At our granddaughter’s recent high school graduation ceremony, one of the speakers talked about the future legacy for each of the graduating seniors. For them it was a look forward, and more of a “I will be” statement. But since you, like me, are likely well past high school, it might be a good time to look back and assess what our legacies as leaders would be.

Here is a definition that I found useful:

Your Personal Legacy is more than simply a statement of how you wish to be remembered after you pass on. It is something that enriches your life and reveals you and what your life is about to your family, friends, and your community.

Lisa Haisha, Creator of Transformative Therapy, Soul Blazing and Host of The Legacy Series, says it better.

“Remember, it’s not what we leave FOR others that matters; it’s what we leave IN them that matters most. Possessions and wealth do not make a true legacy. It is about leaving behind the essence of your Authentic Soul. That is what the world needs from you. So, serve others by leaving behind the best and most beautiful parts of you. Today, and every day, create your legacy.”

As a leader there are a few key legacy questions that you might ask about yourself:

Are you inspirational?

Leaders are tasked with getting the job done and inspiring their people to new heights. Not only in achieving business results but making everyone stretch beyond their comfort zone. If everyone strives to achieve some personal best, then you have achieved this goal. I am reminded of a television advertisement during the Summer Olympics several years ago that started “You don’t win the silver medal, you lose the gold.”  This was roundly panned and quickly disappeared from the airwaves. Striving for something and coming up short may be disappointing but personally enriching especially if you have achieved a personal best to win the silver medal. That does not sound like losing to me. Are you urging your people to stretch beyond where they have been successful and get out of their comfort zone?

Are you a mentor?

An executive recruiter once asked aspiring CEO candidates to name three people who he could call and who would say that their career was positively influenced by that individual. That is a powerful question. Can you name three people who would say you helped them get ahead in their career?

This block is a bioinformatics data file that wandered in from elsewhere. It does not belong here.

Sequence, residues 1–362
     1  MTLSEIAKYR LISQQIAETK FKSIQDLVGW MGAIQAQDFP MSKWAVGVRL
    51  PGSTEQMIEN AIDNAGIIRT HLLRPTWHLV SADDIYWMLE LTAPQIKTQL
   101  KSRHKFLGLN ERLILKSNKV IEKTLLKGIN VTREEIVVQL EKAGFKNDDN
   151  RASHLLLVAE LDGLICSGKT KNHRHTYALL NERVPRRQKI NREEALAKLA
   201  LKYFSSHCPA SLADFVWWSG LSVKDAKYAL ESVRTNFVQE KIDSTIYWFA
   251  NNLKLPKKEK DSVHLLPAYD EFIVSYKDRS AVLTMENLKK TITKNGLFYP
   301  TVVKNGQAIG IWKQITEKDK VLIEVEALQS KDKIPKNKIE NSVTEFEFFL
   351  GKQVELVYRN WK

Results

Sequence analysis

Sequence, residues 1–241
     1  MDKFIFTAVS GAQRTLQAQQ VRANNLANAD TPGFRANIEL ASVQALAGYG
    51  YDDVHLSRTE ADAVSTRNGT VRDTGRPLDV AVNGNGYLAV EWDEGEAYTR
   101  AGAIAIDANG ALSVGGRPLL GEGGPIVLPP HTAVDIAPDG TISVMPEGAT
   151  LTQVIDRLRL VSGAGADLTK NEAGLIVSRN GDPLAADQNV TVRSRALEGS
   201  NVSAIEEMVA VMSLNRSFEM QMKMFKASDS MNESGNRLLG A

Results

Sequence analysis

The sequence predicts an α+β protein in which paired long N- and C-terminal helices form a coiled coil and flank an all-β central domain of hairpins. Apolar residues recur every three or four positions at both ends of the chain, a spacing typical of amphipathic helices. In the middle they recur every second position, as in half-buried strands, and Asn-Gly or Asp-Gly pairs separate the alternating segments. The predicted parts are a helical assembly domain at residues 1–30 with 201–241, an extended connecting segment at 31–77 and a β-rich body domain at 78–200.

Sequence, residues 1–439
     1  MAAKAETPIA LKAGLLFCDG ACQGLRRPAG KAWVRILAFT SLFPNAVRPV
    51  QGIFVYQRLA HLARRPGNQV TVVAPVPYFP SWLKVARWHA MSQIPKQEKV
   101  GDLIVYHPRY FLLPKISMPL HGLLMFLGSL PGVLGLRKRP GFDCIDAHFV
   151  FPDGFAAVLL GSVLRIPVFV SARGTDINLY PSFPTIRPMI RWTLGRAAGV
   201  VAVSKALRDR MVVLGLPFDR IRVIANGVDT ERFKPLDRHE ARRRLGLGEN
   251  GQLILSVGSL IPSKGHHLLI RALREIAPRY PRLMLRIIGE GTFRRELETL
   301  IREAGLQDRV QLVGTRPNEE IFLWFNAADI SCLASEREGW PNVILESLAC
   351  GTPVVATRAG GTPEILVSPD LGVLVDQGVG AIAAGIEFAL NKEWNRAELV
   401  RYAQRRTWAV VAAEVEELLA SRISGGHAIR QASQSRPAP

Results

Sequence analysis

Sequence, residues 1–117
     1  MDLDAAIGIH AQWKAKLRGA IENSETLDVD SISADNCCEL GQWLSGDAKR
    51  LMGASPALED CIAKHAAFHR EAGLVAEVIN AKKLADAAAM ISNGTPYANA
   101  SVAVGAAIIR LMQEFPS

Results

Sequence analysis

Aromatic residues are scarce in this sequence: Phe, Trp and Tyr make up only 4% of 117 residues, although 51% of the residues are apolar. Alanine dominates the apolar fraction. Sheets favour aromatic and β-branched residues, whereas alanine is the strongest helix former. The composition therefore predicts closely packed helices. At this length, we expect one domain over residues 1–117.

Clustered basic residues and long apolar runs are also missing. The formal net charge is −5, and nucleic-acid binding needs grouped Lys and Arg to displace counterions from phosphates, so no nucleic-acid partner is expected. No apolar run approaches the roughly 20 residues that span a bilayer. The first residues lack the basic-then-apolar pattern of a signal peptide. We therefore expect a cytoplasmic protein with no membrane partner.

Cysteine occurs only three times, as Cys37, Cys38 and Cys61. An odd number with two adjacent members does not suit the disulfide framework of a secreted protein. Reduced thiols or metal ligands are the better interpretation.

How will you be remembered?

The phrase “live your dash” comes from a poem titled “The Dash” by Linda Ellis. It means to be mindful that we are only on this earth a little while. It means to spend each day with passion and purpose, and to inspire others by living a life of joy, compassion, and kindness. Here is the poem for your reading enjoyment and contemplation.


 by Linda Ellis

I read of a man who stood to speak at the funeral of a friend. He referred to the dates on the tombstone from the beginning… to the end.

He noted that first came the date of birth and spoke of the following date with tears, but he said what mattered most of all was the dash between those years.

For that dash represents all the time they spent alive on earth and now only those who loved them know what that little line is worth.

For it matters not, how much we own, the cars… the house… the cash. What matters is how we live and love and how we spend our dash.

So, think about this long and hard; are there things you would like to change? For you never know how much time is left that still can be rearranged.

To be less quick to anger and show appreciation more and love the people in our lives like we have never loved before.

If we treat each other with respect and more often wear a smile… remembering that this special dash might only last a little while.

So, when your eulogy is being read, with your life’s actions to rehash, would you be proud of the things they say about how you lived your dash? If you would like more information about coaching and leadership development, contact The Bailey Group  www.thebaileygroup.com

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